- 10% international bonds (VTABX, etc.)
Jenni’s target-date fund follows a somewhat similar distribution.
We have about 5% of our assets in cash equivalents (savings, checking, money market) as well. It’s inefficient but provides liquidity and a feeling of safety.
Jenni’s philosophy has been similar pretty much since she started investing. She’s been willing to keep plowing money into her investments through the market’s ups and downs (which have mostly been ups for her investment career).
Chris’s philosophy has evolved significantly. As mentioned in the previous question, he attempted to invest in individual stocks just ahead of the 08-09 Great Recession with nearly all of his net worth.
Here’s a sampling of individual stocks he was investing in at the time, which cratered:
- Mcdermott International Ltd. (oil/energy infrastructure)
- Foster Wheeler (global engineering/infrastructure)
- First Solar, Inc. (solar energy)
- Pengrowth Energy (Canadian oil and natural gas)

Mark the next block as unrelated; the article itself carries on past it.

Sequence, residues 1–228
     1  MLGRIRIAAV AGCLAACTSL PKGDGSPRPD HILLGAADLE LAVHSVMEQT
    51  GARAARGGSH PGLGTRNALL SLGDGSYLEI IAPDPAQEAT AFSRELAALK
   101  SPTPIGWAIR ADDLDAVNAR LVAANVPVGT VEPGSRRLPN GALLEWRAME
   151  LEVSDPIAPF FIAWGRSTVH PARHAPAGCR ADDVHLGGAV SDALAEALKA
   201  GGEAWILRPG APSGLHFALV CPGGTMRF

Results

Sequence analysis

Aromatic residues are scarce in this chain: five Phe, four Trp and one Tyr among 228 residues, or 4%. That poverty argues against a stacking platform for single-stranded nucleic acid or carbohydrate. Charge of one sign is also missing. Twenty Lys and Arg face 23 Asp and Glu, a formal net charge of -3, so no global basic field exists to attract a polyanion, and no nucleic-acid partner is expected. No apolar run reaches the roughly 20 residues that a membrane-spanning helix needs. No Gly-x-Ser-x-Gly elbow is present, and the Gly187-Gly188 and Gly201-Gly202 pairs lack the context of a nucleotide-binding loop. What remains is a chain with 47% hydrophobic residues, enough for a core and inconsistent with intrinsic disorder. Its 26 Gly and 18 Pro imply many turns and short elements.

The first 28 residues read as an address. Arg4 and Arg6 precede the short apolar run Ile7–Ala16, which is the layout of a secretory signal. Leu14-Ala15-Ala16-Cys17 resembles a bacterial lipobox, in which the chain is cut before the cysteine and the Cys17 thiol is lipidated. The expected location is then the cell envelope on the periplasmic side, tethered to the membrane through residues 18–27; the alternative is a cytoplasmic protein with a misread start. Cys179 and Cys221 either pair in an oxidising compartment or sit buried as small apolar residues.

- Halliburton Company (oil field service)
- Alcoa Corporation (aluminum)
Those are some that stick out in memory since they were such significant losers (and often sold at the bottom of the crisis).
Of course, there were a few winners or at least smaller losers:
- Procter & Gamble
- Berkshire Hathaway
- VISA (bought at IPO, sold too early)
- Tesla (bought at IPO, sold too early—with hindsight!)
And probably a few dozen others that are difficult to recall from memory.
The experience of losing half his net worth through individual stock investments taught him to diversify through index funds and accept he’s the sort of retail amateur investor that’s too often on the other side of someone else’s gain. Simply matching the market became good enough for his investment goals.
Starting from zero to earn $1M
If we were starting over on the road to earning $1M, our investment strategy wouldn’t change very much from today, simply because what we’ve settled on works well for us. More than just the numbers and efficiency of the capital, it works well for us mentally. Without some grand talent or tremendous luck, wealth is built a little at a time through the course of many years of consistent earnings and investment.
We’d take our earned income, save 50% of it, and invest in broad, diversified index funds. If we earned the median US household income ($68,703 in 2019), we’d reach financial independence in 16.6 years at a little over $850K. Keep going just a little longer and we’d have $1M before the 19th year ended.